From the Journals

Motor neuron disease spasticity improved with cannabis-based oral spray, antispasticity drugs

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Encouraging data on nabiximols requires further study

Although the results of Riva et al. are encouraging, the study had several major limitations and future research in the form of larger, multicenter, randomized controlled trials is needed, Marianne de Visser, MD, PhD, wrote in a related editorial.

Dr. de Visser noted a bias in the study as it randomized 16 patients with predominantly upper motor neuron involvement to the nabiximols group. The treatment could potentially have benefited those patients, for whom spasticity is the prevailing symptom, more than the 13 patients randomized to the nabiximols group who had classic amyotrophic lateral sclerosis involving both upper and lower neurons. In addition, Riva et al. did not differentiate between patients with upper and lower limb spasticity or patients with bulbar spasticity and those without, she said.

The use of the Modified Ashworth Scale was also a potential issue, because while it has been used in previous studies examining antispastic treatment efficacy, “it lacked sensitivity in studies of the efficacy of cannabinoids in patients with multiple sclerosis–related spasticity, and new spasticity numeric rating or visual analogue scales are being adopted,” Dr. de Visser wrote.

The number of adverse effects in the treatment group could have also unblinded researchers, which may have affected the significant findings, she said.

“Before asking for approval of cannabinoids for symptomatic treatment of spasticity in patients with amyotrophic lateral sclerosis, further studies are needed to establish the frequency of spasticity in the various presentations of motor neuron disease, and also whether reductions in spasticity improve quality of life,” Dr. de Visser said in a press release. “Natural history studies including all subtypes of motor neuron disease and better outcome measures aimed at assessment of spasticity are required. Dr. Riva and colleagues’ data are encouraging, and larger multicenter, randomized controlled trials should be done to identify which subgroups of patients derive clinically significant benefits from nabiximols.”

Marianne de Visser, MD, PhD, is with the department of neurology at Amsterdam University Medical Center. She reported no relevant conflicts of interest. Her remarks are taken from an editorial accompanying the study by Dr. Riva and associates (Lancet Neurol. 2018 Dec 13. doi: 10.1016/S1474-4422[18]30493-9 ).


 

FROM THE LANCET NEUROLOGY

Nabiximols, a cannabis-based oral spray containing delta-9 tetrahydrocannabinol and cannabidiol, significantly improved spasticity symptoms in combination with antispasticity drugs in patients with motor neuron disease in a randomized, double-blind, placebo-controlled, parallel-group, phase 2 clinical trial.

Nabiximols proved superior to a placebo spray when both were given to patients with either amyotrophic lateral sclerosis or primary lateral sclerosis as part of an antispasticity regimen in the 6-week, CANALS (Cannabis Sativa Extract in Amyotrophic Lateral Sclerosis and other Motor Neuron Disease) study at four Italian centers, Nilo Riva, MD, PhD, of the San Raffaele Scientific Institute in Milan and his colleagues reported in The Lancet Neurology. Nabiximols is approved for the treatment of spasticity due to multiple sclerosis in multiple countries, but not in the United States.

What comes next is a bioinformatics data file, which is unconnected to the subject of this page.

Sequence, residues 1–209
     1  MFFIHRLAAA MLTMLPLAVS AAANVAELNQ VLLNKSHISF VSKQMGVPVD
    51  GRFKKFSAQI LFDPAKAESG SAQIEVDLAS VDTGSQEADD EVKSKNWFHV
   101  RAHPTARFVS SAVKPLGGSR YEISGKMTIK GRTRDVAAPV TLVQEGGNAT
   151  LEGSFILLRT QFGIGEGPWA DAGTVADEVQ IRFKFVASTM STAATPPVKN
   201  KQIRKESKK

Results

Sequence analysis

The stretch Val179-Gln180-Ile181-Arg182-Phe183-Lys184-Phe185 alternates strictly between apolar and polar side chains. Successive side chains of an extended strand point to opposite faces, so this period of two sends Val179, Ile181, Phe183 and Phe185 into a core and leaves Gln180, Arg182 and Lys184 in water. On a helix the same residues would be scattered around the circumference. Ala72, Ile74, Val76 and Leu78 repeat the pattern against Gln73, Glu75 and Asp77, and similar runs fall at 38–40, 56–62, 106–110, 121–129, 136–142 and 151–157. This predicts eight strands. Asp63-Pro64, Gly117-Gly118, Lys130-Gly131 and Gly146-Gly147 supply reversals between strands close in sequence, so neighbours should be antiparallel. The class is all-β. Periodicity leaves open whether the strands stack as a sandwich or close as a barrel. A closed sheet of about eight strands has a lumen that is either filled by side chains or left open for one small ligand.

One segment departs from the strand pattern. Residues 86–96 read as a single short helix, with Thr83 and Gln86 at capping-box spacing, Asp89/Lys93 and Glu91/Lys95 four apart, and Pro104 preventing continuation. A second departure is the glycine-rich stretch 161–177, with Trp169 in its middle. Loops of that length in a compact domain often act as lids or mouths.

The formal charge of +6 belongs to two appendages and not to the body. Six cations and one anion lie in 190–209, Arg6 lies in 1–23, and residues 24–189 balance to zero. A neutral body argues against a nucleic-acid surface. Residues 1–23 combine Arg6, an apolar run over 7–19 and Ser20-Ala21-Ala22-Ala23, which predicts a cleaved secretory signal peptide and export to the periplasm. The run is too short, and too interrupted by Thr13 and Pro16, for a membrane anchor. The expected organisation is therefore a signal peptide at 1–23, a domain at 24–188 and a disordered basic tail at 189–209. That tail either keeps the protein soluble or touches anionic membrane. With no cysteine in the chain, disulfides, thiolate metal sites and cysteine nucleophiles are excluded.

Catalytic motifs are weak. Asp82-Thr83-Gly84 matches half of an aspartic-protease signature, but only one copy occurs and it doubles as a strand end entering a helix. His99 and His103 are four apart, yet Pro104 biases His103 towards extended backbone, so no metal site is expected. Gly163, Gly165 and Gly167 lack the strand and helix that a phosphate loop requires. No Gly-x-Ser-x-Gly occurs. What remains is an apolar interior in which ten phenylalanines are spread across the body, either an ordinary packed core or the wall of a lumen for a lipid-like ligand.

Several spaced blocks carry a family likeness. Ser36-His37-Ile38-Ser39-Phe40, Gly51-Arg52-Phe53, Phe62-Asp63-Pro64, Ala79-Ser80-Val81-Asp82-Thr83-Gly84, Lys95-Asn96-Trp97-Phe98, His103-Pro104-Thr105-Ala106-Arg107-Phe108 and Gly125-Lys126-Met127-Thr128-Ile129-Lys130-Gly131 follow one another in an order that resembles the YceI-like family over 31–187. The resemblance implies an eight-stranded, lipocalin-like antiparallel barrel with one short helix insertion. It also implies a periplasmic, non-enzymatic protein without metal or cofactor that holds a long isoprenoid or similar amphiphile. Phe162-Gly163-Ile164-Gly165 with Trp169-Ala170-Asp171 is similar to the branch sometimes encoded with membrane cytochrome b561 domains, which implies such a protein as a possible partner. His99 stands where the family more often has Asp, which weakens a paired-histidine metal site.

“There is no cure for motor neuron disease, so improved symptom control and quality of life are important for patients,” Dr. Riva stated in a press release. “Our proof-of-concept trial showed a beneficial effect of THC-CBD [delta-9 tetrahydrocannabinol and cannabidiol] spray in people on treatment-resistant spasticity and pain.

“Despite these encouraging findings, we must first confirm that THC-CBD spray is effective and safe in larger, longer-term phase 3 trials,” Dr. Riva added.

The patients enrolled in the phase 2 trial between January 2013 and December 2014 and were between 18 and 80 years old with a probable diagnosis of amyotrophic lateral sclerosis or primary lateral sclerosis, were on an antispasticity regimen for at least 30 days, and had a spasticity score of at least 1 in two muscle groups on the 5-point Modified Ashworth Scale. Participants titrated for the first 2 weeks before maintaining their treatment for 4 weeks.

Of 59 participants at final follow-up, Modified Ashworth Scale scores improved in the nabiximols group (29 participants) by a mean of –0.11 points, compared with worsening by a mean of 0.16 points in the placebo group (30 participants). The researchers noted that there were no participants who withdrew from the study, nabiximols was well-tolerated, and there were no serious adverse events in the nabiximols group; however, there were 22 participants in the nabiximols group and 8 participants in the placebo group who experienced an adverse event from any cause.

“This study is, to our knowledge, the first randomized controlled trial of safety and efficacy of a pharmacological treatment for spasticity and the first trial of nabiximols in motor neuron disease,” Dr. Riva and his colleagues wrote. “Our results suggest that the study drug is well tolerated and provides first evidence of efficacy in terms of controlling spasticity in patients with motor neuron disease.”

The study was funded by the Italian Research Foundation for Amyotrophic Lateral Sclerosis. GW Pharma, which developed nabiximols, provided the study drug and placebo. Many of the authors reported financial disclosures with pharmaceutical companies.

SOURCE: Riva N et al. Lancet Neurol. 2018 Dec 13. doi: 10.1016/S1474-4422(18)30406-X.

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